New psychoactive substances play a part in yet more prison deaths, says Ombudsman

The number of prisoner deaths in which the use of new psychoactive substances (NPS) may have played a part has now risen to at least 58, said Prisons and Probation Ombudsman (PPO) Nigel Newcomen. Today he spoke to prison staff at the National Offender Management Service training centre in Warwickshire.

Discussing the risks to prisoners and prison staff from new psychoactive substances (NPS), Nigel Newcomen drew on lessons from his earlier publication of July 2015 which looked at the deaths of 19 prisoners.

Download the Ombudsman’s full speech.

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Nigel Newcomen said:

“The statistics are alarming. My office has now identified 58 deaths in prison that occurred between June 2013 and January 2016, where the prisoner was known, or strongly suspected, to have been using NPS before their death. It is important to note that the link between NPS and the deaths were not necessarily causal, but nor can they be discounted.”

Of these deaths:

• 39 were self-inflicted – some involved psychotic episodes potentially resulting from NPS. For others, NPS use or associated drug debts appeared to exacerbate vulnerability triggering suicide and self-harm;
• two were homicides, both involving prisoners killed by a punch from another prisoner. In one instance, the victim had links to NPS. In the other, the perpetrator was linked to NPS;
• nine were classified as natural cause deaths where the deceased was thought to have been an NPS user at the time of death;
• in three cases, the cause of death was not ascertained but NPS could not be ruled out as a possible factor in the death; and
• five deaths were the result of drug toxicity – in two cases the post-mortem concluded that NPS was the cause of death. In a further case, the pathologist found that NPS was the most likely cause of death. In another, the pathologist attributed the death to mixed drug toxicity – the toxicology test detected a number of drugs including NPS. In the last case, the post-mortem concluded that heroin toxicity was the cause of death, but the man was also known to have used NPS.

Mr Newcomen highlighted the four types of risk from NPS:

• a risk to physical health – NPS use may hasten the effects of underlying health concerns;
• a risk to mental health, with extreme and unpredictable behaviour and psychotic episodes, sometimes linked to suicide and self-harm;
• behavioural problems, where the NPS user has presented violent or aggressive behaviour, which is often uncharacteristic for that prisoner; and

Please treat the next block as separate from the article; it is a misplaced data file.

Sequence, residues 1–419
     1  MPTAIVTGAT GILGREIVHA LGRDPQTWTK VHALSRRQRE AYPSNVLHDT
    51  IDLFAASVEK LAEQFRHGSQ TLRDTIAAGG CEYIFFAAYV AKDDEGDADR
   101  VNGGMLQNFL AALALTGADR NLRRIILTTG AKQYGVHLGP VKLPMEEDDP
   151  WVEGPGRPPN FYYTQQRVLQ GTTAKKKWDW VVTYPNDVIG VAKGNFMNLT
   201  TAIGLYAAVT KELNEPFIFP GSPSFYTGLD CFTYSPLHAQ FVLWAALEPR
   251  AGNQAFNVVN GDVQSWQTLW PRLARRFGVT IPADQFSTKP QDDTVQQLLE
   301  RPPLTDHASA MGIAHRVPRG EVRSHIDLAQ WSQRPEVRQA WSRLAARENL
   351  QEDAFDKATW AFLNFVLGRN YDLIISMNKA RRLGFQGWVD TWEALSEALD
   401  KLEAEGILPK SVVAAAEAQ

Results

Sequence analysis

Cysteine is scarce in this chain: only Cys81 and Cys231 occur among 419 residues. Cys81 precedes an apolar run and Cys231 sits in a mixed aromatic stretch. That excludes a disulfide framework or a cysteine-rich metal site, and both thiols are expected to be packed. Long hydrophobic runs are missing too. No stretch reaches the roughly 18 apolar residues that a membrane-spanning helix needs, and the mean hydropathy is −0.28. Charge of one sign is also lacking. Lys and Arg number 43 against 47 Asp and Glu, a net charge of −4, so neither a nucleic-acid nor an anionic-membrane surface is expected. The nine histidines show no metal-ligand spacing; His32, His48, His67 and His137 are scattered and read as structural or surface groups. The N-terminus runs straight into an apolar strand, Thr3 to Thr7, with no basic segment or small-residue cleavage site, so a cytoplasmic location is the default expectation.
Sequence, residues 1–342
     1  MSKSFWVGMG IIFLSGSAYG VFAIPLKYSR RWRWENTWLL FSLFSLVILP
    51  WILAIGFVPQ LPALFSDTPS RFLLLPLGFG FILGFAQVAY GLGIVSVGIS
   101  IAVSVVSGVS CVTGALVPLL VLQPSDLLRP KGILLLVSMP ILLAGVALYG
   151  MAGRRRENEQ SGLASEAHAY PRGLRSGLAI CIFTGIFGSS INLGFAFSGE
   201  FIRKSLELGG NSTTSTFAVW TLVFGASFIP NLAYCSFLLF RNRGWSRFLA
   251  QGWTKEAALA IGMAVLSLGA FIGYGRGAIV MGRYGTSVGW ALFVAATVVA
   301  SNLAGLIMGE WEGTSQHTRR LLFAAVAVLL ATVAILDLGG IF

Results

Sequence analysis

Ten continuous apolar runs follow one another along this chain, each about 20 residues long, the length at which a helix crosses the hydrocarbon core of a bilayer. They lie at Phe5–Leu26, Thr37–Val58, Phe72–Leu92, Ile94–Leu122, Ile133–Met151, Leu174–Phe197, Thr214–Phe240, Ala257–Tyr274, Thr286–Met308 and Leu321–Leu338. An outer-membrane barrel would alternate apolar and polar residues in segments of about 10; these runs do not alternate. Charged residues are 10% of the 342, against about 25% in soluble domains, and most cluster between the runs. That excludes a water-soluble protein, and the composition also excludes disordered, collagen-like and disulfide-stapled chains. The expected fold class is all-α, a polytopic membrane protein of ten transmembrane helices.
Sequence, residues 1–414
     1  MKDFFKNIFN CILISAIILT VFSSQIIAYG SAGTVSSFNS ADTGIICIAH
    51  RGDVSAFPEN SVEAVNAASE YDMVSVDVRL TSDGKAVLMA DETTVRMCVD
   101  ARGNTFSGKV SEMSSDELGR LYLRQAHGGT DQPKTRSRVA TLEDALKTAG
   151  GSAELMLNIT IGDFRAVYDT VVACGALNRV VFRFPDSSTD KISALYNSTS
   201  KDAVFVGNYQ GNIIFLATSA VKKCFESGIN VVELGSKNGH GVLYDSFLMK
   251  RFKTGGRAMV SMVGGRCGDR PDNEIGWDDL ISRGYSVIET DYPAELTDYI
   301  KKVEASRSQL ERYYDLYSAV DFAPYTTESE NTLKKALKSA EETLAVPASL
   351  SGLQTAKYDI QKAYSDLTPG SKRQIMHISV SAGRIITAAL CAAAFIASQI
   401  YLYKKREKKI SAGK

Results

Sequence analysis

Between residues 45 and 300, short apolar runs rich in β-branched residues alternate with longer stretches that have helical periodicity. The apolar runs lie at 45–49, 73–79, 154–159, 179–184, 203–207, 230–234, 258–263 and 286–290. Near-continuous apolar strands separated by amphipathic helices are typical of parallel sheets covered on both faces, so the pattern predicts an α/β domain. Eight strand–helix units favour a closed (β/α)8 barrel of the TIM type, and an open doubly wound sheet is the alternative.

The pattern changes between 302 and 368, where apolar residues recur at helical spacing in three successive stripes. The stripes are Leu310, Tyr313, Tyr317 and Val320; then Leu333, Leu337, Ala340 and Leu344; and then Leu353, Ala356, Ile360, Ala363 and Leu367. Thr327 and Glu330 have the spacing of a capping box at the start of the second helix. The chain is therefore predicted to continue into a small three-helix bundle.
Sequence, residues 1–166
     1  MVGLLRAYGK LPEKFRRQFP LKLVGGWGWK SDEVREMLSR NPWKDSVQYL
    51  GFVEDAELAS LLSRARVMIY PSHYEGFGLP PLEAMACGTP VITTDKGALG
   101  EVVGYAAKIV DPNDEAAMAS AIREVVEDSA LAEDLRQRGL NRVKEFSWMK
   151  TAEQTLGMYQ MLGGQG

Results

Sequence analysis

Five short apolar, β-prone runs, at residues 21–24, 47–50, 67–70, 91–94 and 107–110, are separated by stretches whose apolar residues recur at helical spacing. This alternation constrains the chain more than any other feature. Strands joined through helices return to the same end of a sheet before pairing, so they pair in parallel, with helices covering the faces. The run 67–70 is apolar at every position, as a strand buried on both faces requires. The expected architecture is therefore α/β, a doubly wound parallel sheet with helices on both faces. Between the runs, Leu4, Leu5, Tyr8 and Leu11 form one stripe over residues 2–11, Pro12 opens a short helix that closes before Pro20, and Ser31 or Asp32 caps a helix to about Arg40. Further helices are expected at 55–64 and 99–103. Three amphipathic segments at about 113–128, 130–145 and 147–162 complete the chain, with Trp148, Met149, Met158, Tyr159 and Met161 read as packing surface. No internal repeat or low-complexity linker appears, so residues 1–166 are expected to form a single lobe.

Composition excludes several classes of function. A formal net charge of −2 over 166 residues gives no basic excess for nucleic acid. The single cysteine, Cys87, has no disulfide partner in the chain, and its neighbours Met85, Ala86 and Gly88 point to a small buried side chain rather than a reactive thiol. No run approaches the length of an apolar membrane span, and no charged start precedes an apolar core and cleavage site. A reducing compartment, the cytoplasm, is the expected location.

• the risk of debt or bullying, as the use of NPS often results in prisoners getting into debt with prison drug dealers.

He also highlighted five areas of learning to tackle the risks posed by NPS in prisons.

• first, supply needs to be reduced. Trafficking in NPS needs to be tackled by effective local drug supply and violence reduction strategies;
• second, staff awareness needs to be increased. Prison staff need better information about NPS, and how to spot that a prisoner is taking them;
• third, governors need to address the bullying and debt associated with NPS robustly;
• fourth, drug treatment services need to address NPS use and offer appropriate monitoring and treatment; and
• fifth, demand for NPS among prisoners needs to be reduced, with prisons and healthcare providers ensuring that there are engaging education programmes for prisoners outlining the risks of using NPS.

Mr Newcomen went on:

“I and my staff are not experts on NPS. Nor is expertise all that easy to find. NPS are made up of a wide array of relatively new and regularly changing substances, for which testing is still in its infancy.

“Many NPS are readily available in the community and most are cheap. This ready availability and low cost in the community also means that in custody, the potential profits to be made from NPS make them attractive to organised and semi-organised crime.

“These features compound the difficulty of reducing supply and demand for NPS in prisons. They also often make it difficult to draw definitive conclusions in my investigations about their health impact and links to fatalities.

“However, I am clear that NPS have been a game-changer in terms of reducing safety in prison, with troubling links to our rising numbers of suicides, as well as to other types of death, including deaths from drug toxicity, apparent natural causes and even homicides.”